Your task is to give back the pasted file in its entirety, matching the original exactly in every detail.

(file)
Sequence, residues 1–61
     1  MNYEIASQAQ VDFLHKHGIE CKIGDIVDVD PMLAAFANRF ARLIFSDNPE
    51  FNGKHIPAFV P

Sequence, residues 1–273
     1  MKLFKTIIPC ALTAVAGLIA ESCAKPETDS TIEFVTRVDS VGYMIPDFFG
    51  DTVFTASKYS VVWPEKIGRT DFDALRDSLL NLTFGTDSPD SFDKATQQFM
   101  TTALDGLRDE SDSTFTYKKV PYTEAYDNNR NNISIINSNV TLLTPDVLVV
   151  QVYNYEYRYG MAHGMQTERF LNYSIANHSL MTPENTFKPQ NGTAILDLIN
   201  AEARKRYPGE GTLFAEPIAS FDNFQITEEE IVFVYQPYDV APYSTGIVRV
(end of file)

Sequence, residues 1–61
     1  MNYEIASQAQ VDFLHKHGIE CKIGDIVDVD PMLAAFANRF ARLIFSDNPE
    51  FNGKHIPAFV P

Sequence, residues 1–273
     1  MKLFKTIIPC ALTAVAGLIA ESCAKPETDS TIEFVTRVDS VGYMIPDFFG
    51  DTVFTASKYS VVWPEKIGRT DFDALRDSLL NLTFGTDSPD SFDKATQQFM
   101  TTALDGLRDE SDSTFTYKKV PYTEAYDNNR NNISIINSNV TLLTPDVLVV
   151  QVYNYEYRYG MAHGMQTERF LNYSIANHSL MTPENTFKPQ NGTAILDLIN
   201  AEARKRYPGE GTLFAEPIAS FDNFQITEEE IVFVYQPYDV APYSTGIVRV